White mischief Cholmondeley gets its comeuppance

For more than a century, the name of Cholmondeley has gone unchallenged as one of the most powerful in Kenya, epitomising the white settlers' colonial lifestyle of privilege and earthly excess.

But to audible gasps of astonishment in Nairobi's High Court yesterday, the family's standing among its one-time colonial subjects was changed for ever when Tom Cholmondeley – great-grandson of Lord Delamere, one of the first British colonists of Kenya's fertile highlands – was found guilty of the manslaughter of a poacher on his ranch.

The Eton-educated divorcé betrayed no emotion as Judge Muga Apondi threw out his defence that the fatal shot may have been fired by a friend. He warned Cholmondeley that he could face life imprisonment for killing Robert Njoya, a 37-year-old stonemason, in 2006.

In Kenya, the long-running case has encapsulated the country's colonial legacy and simmering resentment at the large landholdings still controlled by some of its 30,000 white citizens.

Cholmondeley, a dapper, besuited figure, who will become the 6th Lord Delamere and has spent the last three years in Nairobi's notorious Kamiti Prison, became a focus for bitter complaints of racial inequality in 2005 when he was cleared of killing an undercover Masai bush ranger, Samson Ole Sisina.

This time, Judge Apondi threw out a murder charge against Cholmondeley because there had been no "malice aforethought" in his actions, but said he was in no doubt that the landowner had fired the shot which killed Mr Njoya with his bolt-action Winchester rifle.

The court heard that Cholmondeley had come across the poacher, who was carrying a dead impala, after dark on his 55,000-acre Soysambu ranch, in the Rift Valley 55 miles west of Nairobi. He shot at his three dogs, killing two of them.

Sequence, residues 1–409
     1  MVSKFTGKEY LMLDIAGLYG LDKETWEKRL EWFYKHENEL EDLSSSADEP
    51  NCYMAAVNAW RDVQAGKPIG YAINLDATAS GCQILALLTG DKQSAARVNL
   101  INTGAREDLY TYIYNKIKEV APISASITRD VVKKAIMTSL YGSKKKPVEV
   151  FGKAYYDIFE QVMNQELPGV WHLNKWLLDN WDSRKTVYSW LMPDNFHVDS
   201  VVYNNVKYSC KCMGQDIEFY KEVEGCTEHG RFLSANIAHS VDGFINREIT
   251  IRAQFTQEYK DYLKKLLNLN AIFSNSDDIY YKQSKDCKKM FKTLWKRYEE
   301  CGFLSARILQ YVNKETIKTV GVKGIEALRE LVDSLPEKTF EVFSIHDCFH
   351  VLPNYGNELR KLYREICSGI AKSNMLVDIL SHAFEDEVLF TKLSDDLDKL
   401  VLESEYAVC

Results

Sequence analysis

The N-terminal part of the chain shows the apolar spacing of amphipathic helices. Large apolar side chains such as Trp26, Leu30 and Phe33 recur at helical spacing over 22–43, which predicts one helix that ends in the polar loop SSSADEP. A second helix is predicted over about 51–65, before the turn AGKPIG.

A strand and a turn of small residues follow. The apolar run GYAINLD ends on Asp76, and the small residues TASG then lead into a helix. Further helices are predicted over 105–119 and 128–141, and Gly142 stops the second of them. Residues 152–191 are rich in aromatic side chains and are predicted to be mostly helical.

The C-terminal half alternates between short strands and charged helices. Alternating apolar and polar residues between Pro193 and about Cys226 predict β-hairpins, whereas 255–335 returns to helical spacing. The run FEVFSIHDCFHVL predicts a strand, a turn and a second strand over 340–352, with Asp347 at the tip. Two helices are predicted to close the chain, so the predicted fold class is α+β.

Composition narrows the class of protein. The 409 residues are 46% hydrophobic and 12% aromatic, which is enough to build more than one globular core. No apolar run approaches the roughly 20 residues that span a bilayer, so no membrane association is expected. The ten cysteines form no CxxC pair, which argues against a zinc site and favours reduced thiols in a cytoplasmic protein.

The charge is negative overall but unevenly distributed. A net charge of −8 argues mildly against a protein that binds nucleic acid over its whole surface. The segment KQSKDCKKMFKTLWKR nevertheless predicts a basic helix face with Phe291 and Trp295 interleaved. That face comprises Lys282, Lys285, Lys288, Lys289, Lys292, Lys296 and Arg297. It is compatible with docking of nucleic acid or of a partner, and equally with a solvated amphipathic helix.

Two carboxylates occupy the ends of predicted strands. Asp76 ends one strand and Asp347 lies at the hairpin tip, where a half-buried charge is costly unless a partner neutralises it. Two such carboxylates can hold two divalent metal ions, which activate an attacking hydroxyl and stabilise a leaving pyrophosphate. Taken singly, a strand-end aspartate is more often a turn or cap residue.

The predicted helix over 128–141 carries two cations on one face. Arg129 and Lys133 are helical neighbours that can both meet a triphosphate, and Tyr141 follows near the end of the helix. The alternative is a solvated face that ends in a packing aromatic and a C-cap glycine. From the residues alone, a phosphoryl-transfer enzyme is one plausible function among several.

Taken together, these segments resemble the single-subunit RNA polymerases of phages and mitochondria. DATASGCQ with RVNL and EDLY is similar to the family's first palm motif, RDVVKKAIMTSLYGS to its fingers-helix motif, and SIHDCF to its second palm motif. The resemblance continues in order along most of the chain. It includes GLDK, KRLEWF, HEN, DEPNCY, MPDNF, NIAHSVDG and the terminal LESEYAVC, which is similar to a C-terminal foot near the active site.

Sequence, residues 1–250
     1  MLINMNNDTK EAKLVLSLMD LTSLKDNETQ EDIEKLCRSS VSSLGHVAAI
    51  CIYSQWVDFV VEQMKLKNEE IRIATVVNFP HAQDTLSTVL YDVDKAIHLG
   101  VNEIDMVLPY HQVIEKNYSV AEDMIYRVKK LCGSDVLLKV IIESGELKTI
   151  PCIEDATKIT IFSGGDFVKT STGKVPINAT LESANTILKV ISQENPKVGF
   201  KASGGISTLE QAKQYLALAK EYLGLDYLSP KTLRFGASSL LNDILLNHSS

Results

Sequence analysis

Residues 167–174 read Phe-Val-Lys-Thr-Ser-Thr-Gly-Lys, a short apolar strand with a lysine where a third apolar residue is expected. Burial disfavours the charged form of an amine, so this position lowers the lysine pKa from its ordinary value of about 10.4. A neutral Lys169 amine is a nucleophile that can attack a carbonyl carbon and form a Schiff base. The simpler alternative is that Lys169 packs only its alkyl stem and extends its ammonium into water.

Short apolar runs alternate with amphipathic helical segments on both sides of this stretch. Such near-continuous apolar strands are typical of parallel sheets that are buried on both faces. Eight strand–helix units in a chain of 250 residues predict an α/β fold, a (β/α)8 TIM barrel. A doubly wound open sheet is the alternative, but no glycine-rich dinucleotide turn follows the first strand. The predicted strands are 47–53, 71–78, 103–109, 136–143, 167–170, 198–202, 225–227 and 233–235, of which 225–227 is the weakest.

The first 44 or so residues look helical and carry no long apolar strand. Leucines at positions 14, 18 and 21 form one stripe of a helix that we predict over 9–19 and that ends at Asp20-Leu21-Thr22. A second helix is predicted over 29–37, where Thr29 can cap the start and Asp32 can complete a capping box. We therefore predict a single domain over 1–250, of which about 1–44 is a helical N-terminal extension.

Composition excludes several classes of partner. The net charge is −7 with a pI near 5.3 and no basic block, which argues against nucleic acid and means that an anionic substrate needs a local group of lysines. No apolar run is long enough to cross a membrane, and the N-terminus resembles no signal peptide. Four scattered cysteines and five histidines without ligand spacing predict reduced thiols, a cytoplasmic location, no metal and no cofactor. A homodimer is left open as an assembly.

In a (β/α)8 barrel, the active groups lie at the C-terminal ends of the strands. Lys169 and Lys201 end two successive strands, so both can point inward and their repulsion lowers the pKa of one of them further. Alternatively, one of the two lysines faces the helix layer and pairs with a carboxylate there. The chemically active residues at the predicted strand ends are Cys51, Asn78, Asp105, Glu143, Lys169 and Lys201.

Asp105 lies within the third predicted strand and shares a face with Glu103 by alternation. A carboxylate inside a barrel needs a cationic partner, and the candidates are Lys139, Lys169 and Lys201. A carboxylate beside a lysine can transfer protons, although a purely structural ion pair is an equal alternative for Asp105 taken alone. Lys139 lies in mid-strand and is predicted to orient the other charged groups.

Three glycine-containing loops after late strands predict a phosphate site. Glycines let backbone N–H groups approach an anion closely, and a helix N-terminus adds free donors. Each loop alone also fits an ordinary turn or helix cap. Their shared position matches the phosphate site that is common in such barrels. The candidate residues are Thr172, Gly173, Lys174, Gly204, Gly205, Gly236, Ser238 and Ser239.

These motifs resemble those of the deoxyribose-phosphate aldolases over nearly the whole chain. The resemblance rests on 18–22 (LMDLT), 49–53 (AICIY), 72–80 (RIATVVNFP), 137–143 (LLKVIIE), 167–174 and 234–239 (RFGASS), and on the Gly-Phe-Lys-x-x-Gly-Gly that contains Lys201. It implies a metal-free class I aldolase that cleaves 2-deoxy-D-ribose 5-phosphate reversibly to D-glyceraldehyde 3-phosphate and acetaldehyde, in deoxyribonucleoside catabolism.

The judge said he had some sympathy with Cholmondeley's claim to have acted in self-defence but dismissed as an "afterthought" the farmer's claim that the fatal shot was fired by Carl Tundo, a white friend accompanying him on the night, whose exploits as a rally driver earned him the nickname "Flash".

The verdict overturns an earlier not-guilty finding by a lay assessment panel, the Kenyan equivalent of a jury, which is intended to advise the presiding judge. Fred Ojiambo, the lawyer representing Cholmondeley said after the verdict: "I am shocked, amazed and dumbstruck. This is not acceptable. We will appeal."

The squalid cells of Kamiti, built by the British to house 1,400 inmates but which currently hold 3,600 prisoners, are a far cry from the luxury of Cholmondeley's upbringing in Eton and on the lands awarded to Lord Delamere by Kenya's British rulers following his arrival in 1903. Hugh Cholmondeley, the 3rd Baron Delamere, became a figurehead for the colonial occupation after being granted a swathe of Kenya's highlands and devoting himself to developing the country's farming economy. At the same time, he became synonymous with the culture of excess cultivated in the lake-studded region known as Happy Valley for its riotous parties, wife-swapping sessions and drug taking. This lifestyle inspired the book and film, White Mischief, based on the story of Tom Cholmondeley's step-grandmother Diana, whose lover was murdered and her first husband accused of the killing.

Economic problems have led to a growing sense of insecurity in the Rift Valley, with many landowners arming themselves against violent robbers and poaching gangs. Cholmondeley will be sentenced at a later date. Speaking outside the court, the widow of his victim, Sarah, a mother of four, said: "The court's decision, in my opinion, is not that bad. Life has been hard without a husband and a father for my children."

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